A while ago I wrote a post about the importance of sticking to one genre when writing. READ POST HERE. I don't write in one genre. I also don't read in one genre. I read a variety of books and I want to be able to write a variety of stories.
But in this post I pointed out how switching genres can disappoint readers who signed up to your newsletter while you wrote young adult fantasy, then a few years later you send them an email to announce your new science fiction novel, then send an email to announce your latest supernatural thriller.
That post highlighted to me that I really needed a pen name for some of my books. So I created Jonette Blake, who writes suspenseful mysteries and thrillers, and I moved my supernatural thrillers over to her. It does mean I've had to build up a totally new audience.
The other pro for sticking to the one genre is that I would be able to release more books by the same author and target the same audience and build on the sales over a series of books. That has been he model for quite some time, and an author who genre hops can find it difficult to finish a series or release books in a timely manner. Often there might not even be a release strategy. Books are written when we're in the mood to write that genre, and they come out when they're finished.
But this post is going to be about the Importance of Not sticking to one genre in writing.
Here's why: 2020.
I don't think I need to say anymore. But I will. 2020 has been a topsy turvy year. Nothing has gone to plan. And I have seen a lot of authors who are writing a series in one genre suffering from a steep decline in sales. Suddenly that genre isn't selling (mostly post-apoc because we only need to turn on the TV to see that!).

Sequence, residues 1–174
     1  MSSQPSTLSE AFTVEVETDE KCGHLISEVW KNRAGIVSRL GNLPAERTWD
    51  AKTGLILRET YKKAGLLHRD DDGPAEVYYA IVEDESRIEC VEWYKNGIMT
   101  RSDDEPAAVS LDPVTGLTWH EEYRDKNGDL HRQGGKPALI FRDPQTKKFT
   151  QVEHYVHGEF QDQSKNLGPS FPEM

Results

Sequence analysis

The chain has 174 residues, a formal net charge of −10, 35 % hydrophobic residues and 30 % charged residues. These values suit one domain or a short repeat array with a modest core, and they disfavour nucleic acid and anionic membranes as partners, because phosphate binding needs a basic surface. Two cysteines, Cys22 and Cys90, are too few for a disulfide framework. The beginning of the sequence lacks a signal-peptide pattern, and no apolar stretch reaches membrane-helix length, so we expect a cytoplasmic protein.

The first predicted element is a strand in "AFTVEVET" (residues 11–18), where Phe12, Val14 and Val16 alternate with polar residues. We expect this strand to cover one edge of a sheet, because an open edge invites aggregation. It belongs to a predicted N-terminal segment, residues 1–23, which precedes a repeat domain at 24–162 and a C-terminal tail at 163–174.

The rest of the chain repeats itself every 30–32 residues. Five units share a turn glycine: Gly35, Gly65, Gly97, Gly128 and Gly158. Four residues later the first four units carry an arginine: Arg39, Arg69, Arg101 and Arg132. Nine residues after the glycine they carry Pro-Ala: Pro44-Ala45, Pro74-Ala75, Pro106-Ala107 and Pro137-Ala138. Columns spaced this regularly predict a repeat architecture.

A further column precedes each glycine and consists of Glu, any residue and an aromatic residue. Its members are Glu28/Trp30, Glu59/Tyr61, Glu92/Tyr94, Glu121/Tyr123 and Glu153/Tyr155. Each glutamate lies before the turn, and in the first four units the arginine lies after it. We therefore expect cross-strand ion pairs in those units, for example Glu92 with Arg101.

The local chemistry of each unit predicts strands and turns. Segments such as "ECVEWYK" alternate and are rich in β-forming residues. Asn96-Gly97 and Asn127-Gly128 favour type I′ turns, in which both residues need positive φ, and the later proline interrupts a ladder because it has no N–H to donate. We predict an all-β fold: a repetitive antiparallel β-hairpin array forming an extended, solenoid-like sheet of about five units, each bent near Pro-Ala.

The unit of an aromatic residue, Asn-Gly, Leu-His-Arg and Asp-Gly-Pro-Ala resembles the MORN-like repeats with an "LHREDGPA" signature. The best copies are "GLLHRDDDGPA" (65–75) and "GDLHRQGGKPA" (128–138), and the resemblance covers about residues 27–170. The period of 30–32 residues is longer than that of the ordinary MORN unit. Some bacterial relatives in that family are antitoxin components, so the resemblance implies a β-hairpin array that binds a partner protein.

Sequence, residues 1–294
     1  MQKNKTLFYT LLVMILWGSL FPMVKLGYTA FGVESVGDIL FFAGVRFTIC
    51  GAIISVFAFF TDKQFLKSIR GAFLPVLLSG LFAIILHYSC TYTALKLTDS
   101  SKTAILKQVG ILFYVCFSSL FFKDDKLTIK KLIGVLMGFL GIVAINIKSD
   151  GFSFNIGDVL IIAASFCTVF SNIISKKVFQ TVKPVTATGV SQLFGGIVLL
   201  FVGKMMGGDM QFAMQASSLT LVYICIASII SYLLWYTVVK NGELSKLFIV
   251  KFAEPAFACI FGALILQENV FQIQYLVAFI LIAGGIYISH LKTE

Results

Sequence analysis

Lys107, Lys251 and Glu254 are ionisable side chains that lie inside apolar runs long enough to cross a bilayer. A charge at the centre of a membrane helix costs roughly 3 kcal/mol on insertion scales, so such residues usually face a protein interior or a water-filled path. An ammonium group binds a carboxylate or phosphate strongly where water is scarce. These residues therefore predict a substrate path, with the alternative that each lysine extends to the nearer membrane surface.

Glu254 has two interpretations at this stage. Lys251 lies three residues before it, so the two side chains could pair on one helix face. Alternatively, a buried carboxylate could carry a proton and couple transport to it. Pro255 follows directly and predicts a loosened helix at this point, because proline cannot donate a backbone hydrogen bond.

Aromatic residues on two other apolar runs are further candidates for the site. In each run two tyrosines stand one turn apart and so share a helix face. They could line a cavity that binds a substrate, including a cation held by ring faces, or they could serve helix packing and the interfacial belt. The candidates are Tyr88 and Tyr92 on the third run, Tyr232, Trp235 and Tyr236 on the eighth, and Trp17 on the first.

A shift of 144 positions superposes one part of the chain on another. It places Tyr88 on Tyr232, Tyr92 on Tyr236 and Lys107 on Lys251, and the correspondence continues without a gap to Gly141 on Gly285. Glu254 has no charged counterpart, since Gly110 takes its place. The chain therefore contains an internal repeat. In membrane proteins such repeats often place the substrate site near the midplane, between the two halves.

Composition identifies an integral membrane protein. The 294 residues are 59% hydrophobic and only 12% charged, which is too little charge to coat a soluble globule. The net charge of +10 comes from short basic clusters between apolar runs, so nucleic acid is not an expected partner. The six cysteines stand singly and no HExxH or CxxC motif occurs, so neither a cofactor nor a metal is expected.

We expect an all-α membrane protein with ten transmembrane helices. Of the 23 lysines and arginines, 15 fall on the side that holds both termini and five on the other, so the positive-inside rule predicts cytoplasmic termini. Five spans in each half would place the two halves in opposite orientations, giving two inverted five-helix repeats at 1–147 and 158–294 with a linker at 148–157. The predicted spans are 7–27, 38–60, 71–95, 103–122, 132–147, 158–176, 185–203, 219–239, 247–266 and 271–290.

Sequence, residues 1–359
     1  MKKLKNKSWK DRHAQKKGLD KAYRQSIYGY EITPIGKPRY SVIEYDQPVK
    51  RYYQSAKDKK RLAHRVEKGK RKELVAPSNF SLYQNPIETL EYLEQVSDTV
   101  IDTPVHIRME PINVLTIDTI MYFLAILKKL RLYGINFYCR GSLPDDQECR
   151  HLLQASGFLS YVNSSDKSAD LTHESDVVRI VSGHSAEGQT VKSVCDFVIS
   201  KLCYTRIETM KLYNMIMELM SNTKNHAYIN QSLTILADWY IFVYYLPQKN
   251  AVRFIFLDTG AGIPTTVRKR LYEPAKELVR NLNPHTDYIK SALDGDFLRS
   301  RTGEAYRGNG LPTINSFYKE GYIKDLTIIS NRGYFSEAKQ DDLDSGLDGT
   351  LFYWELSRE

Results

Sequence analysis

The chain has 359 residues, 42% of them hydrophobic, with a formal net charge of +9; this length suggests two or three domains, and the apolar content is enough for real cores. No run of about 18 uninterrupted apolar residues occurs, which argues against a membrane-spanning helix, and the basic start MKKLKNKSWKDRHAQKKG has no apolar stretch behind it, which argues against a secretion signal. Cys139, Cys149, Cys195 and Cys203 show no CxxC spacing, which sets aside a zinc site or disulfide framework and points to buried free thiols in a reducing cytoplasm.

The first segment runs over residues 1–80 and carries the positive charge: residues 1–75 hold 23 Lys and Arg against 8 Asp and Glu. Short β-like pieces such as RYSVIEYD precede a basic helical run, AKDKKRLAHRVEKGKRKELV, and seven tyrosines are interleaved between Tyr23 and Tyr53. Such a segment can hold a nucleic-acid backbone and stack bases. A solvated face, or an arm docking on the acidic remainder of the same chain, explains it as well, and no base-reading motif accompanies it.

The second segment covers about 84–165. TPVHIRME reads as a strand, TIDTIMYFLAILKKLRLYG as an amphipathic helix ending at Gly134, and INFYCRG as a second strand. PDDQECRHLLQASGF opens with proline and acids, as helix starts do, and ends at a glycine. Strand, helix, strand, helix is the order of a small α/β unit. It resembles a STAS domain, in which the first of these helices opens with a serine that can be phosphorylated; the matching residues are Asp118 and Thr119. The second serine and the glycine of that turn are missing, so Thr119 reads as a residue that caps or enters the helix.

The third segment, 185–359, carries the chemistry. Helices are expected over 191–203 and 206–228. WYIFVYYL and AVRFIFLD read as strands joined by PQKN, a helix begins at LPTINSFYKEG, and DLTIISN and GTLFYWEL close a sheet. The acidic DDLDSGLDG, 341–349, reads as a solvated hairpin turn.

Whereas, someone like me who genre hops and has three pen names has seen no decline in sales. In fact, my sales have gone up.
Diversity was a strategy I've utilized at SupaNova and ComicCon over the past years. I took all my published books - sci-fi, dystopian, YA fantasy, supernatural thrillers, plus I took along t-shirts and book bags. And each time, I have been lucky that I'd taken a mix of things to sell, because, without the sales of t-shirts or book bags, I wouldn't have made my money back.
My best sellers for 2020 have been my YA fantasy book "The Bird with the Broken Wing", my kid's book "Dog Town", my word search books written as Louise Jean Wray, and my murder mystery written as Jonette Blake. Certainly, nothing apocalyptic is selling, although my space series is starting to gather some interest.
This year it has been vitally important for me to have a diverse catalog. It isn't easy juggling 3 pen names, 3 social media profiles, and 3 websites, but it seems as if it's paying off.